Richard D. Ackerman, The Pro-Family Law Center, Aug. 11
(Murrieta, CA) The Murrieta Valley Unified School District (MVUSD), in Riverside County, California, is considering the adoption of a district-wide policy that could expel students for merely “rejecting” each other, or for sharing truthful or “unpleasant stories” about each other. Not all MVUSD Board Members support the proposed policy.
MVUSD proposed Board Policy 5145.3 is a purported reaction to race-related incidents that have taken place within the district in the last year. Under the proposed policy, to be considered by the MVUSD Board on August 12, 2004, students may not form or openly participate in groups that tend to exclude, or create the impression of the exclusion of, other students. If passed, this policy could set a national precedent. Sources say that national race-based organizations came to MVUSD with the proposed language of the policy.
Based on a plain reading of the proposed regulation, a student could be expelled for simply claiming to be a member of La Raza (“The Race”), a Latino organization, or for playing rap music near white students. Richard D. Ackerman, Vice-President of Legal Affairs for the California-based Pro-Family Law Center says, “This is a brutal affront to the First Amendment. Students have a right to associate with each other and should not be punished for dividing themselves into groups that allow individuals to better relate to each other. For example, Latino students have unique socio-economic circumstances that justify allowing them to privately associate with each other, just as much as Christian students may have things in common that warrant the creation of a private group whose members share common values and attitudes. School districts have no right to interfere with the peaceful activities of any club or social group, even if the mere existence of the group makes certain persons uncomfortable.” Ackerman, a MVUSD parent, has sent a strongly-worded legal opinion to the District. Litigation is threatened if the proposed policy is approved.
MVUSD is apparently basing the proposed policy on the promotion of diversity, but yet requires that all of its schools ensure that no group acts to the exclusion or rejection of others. The policy requires complete uniformity of thought and action by all students. Under the policy no group would be allowed to engage in any behavior that leaves others ‘feel left out.’ A legal analysis of this policy is attached to this e-mail notification.
Kelly Brusch, North County Times, Aug. 12
MURRIETA—The Murrieta school board narrowly voted Thursday to send a controversial anti-harassment policy back to district administrators because of concerns that the policy violates the First Amendment and because of last-minute changes made to the document.
The Murrieta Valley School District’s Board of Trustees voted 3-2 to have the district’s attorneys take another look at the changes and determine whether the policy would withstand legal challenges that it could violate the free speech and free association clauses of the First Amendment.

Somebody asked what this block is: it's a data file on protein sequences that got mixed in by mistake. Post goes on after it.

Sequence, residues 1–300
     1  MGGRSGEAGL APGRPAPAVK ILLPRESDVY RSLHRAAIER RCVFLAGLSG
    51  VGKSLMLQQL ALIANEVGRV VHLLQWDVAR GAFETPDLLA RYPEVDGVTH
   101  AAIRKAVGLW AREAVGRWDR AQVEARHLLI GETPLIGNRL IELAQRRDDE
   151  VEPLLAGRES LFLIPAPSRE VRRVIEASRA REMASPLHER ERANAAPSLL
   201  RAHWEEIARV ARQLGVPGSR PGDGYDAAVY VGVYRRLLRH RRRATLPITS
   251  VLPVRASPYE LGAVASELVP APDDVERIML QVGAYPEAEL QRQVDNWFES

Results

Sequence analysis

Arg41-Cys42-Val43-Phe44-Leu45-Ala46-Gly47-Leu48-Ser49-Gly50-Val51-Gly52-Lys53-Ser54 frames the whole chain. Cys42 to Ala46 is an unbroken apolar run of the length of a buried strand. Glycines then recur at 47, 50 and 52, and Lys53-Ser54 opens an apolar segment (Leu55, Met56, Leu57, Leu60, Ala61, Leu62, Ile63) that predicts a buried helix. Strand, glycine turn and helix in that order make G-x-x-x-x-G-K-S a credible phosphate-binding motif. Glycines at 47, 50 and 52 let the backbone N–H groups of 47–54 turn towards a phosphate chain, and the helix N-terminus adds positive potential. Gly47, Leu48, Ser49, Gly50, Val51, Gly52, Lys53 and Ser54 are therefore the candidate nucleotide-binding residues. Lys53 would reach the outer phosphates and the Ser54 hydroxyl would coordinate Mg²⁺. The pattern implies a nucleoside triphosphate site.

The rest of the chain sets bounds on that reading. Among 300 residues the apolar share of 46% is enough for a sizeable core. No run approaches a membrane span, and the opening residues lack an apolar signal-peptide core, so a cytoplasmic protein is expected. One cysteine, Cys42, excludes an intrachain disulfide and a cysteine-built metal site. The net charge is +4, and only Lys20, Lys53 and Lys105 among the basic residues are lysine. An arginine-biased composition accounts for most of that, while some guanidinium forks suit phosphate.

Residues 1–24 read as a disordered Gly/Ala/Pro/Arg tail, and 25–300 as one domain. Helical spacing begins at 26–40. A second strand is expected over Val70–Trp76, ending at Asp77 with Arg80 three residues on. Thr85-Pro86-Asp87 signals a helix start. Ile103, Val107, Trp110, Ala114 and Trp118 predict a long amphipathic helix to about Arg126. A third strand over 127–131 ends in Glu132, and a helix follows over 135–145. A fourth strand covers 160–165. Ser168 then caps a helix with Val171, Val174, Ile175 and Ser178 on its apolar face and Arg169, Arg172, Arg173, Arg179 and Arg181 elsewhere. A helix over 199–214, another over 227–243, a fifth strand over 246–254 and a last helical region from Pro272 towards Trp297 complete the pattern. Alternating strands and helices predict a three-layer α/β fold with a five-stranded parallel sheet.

Trustees Austin Linsley and Margi Wray voted to approve the proposal. The policy will come back before the board after the staff reviews it and revisions the staff and board members suggested prior to the meeting.
The policy is an outgrowth of several incidents involving fights between students last year, at least one of which Murrieta school officials say was racially motivated.
The proposal defines and prohibits racial, sexual and religious harassment and bullying of any sort. It also describes how students and staff may be disciplined for such conduct, or allowing it, and how they may file a complaint if they believe they have been victimized, the proposal states.
Trustee Paul Diffley said a policy encouraging district employees to model respect at all times and stressing common sense and equal treatment for everyone, not just minority groups, would be more helpful than the proposed one.
“I think we’re approaching this whole thing from the wrong direction,” he said. “There can’t be a rule for everything. We can’t have people standing in groups to overhear conversations to see if those conversations are correct.”
Trustee Austin Linsley balked at a statement from an audience member that the policy had been hastily created and was full of flaws.
“This policy was not generated carelessly. It’s a product of a long, involved process,” he said. “I have no hesitation that we are instituting a careless effort.”
The board voted after almost two hours of often passionate discussion from the public. Some people said the policy would protect students from bullying, and would give teachers and staff a concrete outline to follow in cases of harassment and discrimination.
Jim Woodward, a local gay-rights activist, said some studies have shown students hear up to 25 slurs against gay people per day during school. He said the policy would be an important step in establishing consequences for such behavior.
“The careful teaching of hate in our public schools must stop,” he said.
Other audience members said the policy was too broad and vague, and would open the district up to legal challenges.
Attorney Betty McMullen called the proposal “legally indefensible” and said it would never pass constitutional muster.
“The proposal will do nothing to guarantee an end to discrimination. It will do a lot to end the ability of students and faculty to have free discourse,” she said. “It’s an attempt to control the thinking of students.”
Last year, several fights broke out between black and white students at Murrieta Valley High School, and in another incident, a white student used racial slurs. Two white students were convicted of hate crimes as a result of one of the attacks.
Although Murrieta school officials have said the incidents were isolated, they say there are issues involving race and harassment the district needs to do a better job of addressing.